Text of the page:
INTELLIGENT READING — in One 20-Minute Complete Course

Get Your A Book

Don’t Waste Your Time Reading


(This is the third post about the Mess-Around Method for dealing with stuff.  You will get more out of it if you read the first two in sequence and then this one.)

You Deserve a Medal

You probably read the newspaper or browse the web beautifully. In that case you instinctively use great reading skills.    Apply those skills to “serious” reading and  you will get great results, too. In this and the next post, I’m going to call those skills to your attention and give you a handy acronym to remind you to apply them to any reading you do.  It’s the Mess-Around Method, of course, but applied to a specific task: Reading.

Lousy Textbooks, Crumby Work-place Memos, Verbal Blizzards

Big news: Analysts have found what you already know; textbooks are boring.  They are boring because the writing is bad.  If the writing were good, you would love to read them.  If, in all your schooling, you ever did find a masterpiece, it’s probably on your shelf  right now.  Legal briefs, mortgage statements, income tax instructions, all sorts of computer-related processes – all have their own little challenges, probably because they too are poorly written.  But your native skills can be applied to any of these with satisfying results.  You are capable of reading anything you need to read intelligently, efficiently and well.   Let’s put that in bold type:

     You are capable of reading anything you need to read intelligently, efficiently and well.

So let’s see how you do it when no one’s looking.  When you pick up a newspaper, do you start in the upper left-hand corner, read through the first  story word-for-word, then the next one in the same way, then the next?  Then do you turn to page 2 and repeat the process and on through that section, and on section-by-section, reading each ad thoroughly as you continue, on to the Sports section – reading every single word about every single sport, Business, Entertainment, Want Ads, and on to the final period?   Hell, no.

How You Probably Read the Paper

I’m using the newspaper as an example, but if you don’t read the paper, substitute the way you read a magazine or the way you “read” the internet.  It’s the same process.

If you’re like me, you figure on looking through the paper over breakfast, probably no more than half an hour or so at the most, certainly not the whole day or the whole week. After all, there’s enough print in the daily paper to equal a short novel; Sunday’s a bear.   So when you read the paper, you’ve already taken charge of how this is going to go, and you are going to get what you want and no more.  Life is too short.

So, first, you might glance through the headlines on the front page, maybe look at the pictures, but if you’re like me, you turn immediately to your favorite part. I usually separate out the various sections and may notice lead stories as I go, but I always start with the funnies, and I read only my favorites, Doonsbury, Peanuts, and a couple of others. I ignore three-fourths of them.

Once I’ve completed the best part, what I do next depends on whatever catches my eye.  I skip around, maybe dip into the first paragraph of a new item and move on, if that satisfies my interest.  I skip whole sections.  Sometimes I’ll browse through a story, and if it really connects with me, I may go back and read it thoroughly. I’ll even go back over a paragraph that’s puzzling and try to understand.  And, if it’s that good, I’ll probably tell my wife all about it over coffee.  She’s sure to ask me things I didn’t nail down and I’ll have to go back and skim through that part again.  Yes, the antique fair is open only the first Sunday of the month and from 10 to 2.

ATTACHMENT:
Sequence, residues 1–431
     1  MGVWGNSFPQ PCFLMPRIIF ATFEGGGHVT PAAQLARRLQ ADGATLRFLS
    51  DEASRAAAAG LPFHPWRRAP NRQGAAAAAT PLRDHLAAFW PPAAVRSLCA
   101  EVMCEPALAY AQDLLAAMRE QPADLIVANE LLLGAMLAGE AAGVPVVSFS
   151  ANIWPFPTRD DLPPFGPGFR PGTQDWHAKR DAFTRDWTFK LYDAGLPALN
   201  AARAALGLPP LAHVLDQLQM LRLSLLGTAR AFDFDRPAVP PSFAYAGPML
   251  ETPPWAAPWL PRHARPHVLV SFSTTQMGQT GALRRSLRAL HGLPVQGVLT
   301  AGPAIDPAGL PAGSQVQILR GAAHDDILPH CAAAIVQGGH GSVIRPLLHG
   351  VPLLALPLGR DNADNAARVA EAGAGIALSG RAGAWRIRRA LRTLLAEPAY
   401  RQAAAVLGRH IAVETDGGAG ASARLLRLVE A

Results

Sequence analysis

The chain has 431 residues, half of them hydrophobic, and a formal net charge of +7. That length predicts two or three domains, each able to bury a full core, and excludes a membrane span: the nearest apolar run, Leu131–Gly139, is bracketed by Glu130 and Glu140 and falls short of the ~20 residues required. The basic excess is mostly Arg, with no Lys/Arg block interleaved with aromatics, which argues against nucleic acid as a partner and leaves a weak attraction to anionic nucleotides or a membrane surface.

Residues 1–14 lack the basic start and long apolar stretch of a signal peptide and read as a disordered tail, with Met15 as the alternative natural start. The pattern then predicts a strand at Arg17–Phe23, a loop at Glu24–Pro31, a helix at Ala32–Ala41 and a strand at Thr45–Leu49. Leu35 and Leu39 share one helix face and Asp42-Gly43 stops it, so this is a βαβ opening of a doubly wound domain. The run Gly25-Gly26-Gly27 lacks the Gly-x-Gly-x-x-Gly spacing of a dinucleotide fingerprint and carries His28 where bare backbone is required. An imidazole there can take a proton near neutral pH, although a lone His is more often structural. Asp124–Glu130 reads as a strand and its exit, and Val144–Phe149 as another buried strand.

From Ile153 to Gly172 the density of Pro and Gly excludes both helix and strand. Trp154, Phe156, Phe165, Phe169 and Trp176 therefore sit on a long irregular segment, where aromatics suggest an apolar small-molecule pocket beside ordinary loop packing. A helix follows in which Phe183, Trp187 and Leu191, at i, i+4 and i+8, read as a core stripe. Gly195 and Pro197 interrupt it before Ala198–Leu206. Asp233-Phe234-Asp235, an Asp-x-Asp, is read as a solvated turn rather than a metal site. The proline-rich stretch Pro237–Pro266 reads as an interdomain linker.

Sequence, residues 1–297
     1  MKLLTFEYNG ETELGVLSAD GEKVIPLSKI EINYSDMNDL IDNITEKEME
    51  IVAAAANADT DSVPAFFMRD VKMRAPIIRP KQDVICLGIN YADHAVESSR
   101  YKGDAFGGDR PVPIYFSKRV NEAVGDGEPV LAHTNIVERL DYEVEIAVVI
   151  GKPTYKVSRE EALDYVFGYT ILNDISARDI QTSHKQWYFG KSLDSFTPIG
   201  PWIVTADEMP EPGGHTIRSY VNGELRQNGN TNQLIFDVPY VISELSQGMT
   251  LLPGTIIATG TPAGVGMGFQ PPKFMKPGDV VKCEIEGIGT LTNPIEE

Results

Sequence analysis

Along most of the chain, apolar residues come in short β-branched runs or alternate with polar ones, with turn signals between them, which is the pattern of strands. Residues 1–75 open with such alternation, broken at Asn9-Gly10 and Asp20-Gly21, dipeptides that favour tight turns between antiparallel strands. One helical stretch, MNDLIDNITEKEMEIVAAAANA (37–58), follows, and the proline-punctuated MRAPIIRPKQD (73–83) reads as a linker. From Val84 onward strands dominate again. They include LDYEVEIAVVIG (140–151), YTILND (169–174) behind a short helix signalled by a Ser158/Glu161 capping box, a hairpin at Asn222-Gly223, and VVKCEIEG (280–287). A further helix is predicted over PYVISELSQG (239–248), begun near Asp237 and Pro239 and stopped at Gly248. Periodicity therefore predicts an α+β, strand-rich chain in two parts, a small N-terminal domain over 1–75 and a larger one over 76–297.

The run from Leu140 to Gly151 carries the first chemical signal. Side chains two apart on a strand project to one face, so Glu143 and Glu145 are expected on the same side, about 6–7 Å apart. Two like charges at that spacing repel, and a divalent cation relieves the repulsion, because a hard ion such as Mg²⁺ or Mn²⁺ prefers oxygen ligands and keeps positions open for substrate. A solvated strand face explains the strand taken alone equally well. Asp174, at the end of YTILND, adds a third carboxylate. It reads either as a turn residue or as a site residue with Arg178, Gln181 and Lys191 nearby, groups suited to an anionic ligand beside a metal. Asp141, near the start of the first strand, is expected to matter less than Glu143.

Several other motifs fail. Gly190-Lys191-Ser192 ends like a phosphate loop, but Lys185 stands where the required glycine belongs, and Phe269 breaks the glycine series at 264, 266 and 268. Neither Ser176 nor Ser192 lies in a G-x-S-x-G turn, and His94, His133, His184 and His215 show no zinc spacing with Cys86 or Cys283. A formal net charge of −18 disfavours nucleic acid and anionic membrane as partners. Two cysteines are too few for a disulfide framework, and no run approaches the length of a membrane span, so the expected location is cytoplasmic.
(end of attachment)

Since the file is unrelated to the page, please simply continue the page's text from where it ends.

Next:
That’s the way to read a paper, and you are so good at it you get an A.

Now then, apply that same brilliant reading strategy to “serious” reading, and you will be reading at your top powers.  Clearly, you already know exactly how not to waste your time reading a school assignment, a contract, a will, a legal brief, instructions for setting up your new computer, pairing your ear-piece to your new cell phone, assembling an Ikea desk. You are in charge and you read well and with great efficiency.  So let’s look back and see what your steps were. We’ll hit the high points here and in a later post I’ll flesh out the process and answer likely questions you may have.  So here are the steps you took.  I call it the BFAR reading method.

The BFAR Reading Method



     Glance through the whole thing.  You’re deciding what you have to do or what you want to do with these words on paper.   You can’t know that unless you do a little advance leg work.  Treat it just like the newspaper.  You’re the boss.

If it’s a poem you’re looking at and if you really like it, you may end up wanting to get the feel of every single word, but you won’t know that till you mess around with it a bit, and that isn’t likely to happen till you’ve given it the once-over– or as many once-overs as it takes till you zero in on what you really want from those words.

Usually, though, there will be big bunches of words you couldn’t care less about, whole paragraphs, whole pages, whole sections – like all those cautionary pages at the beginning of every kitchen device manual you are about to plug in.   You already know all that stuff.  You’ve been around a while, so there will be batches of information in anything you read that you already know.  Messing around before you dig in  is will reveal such things.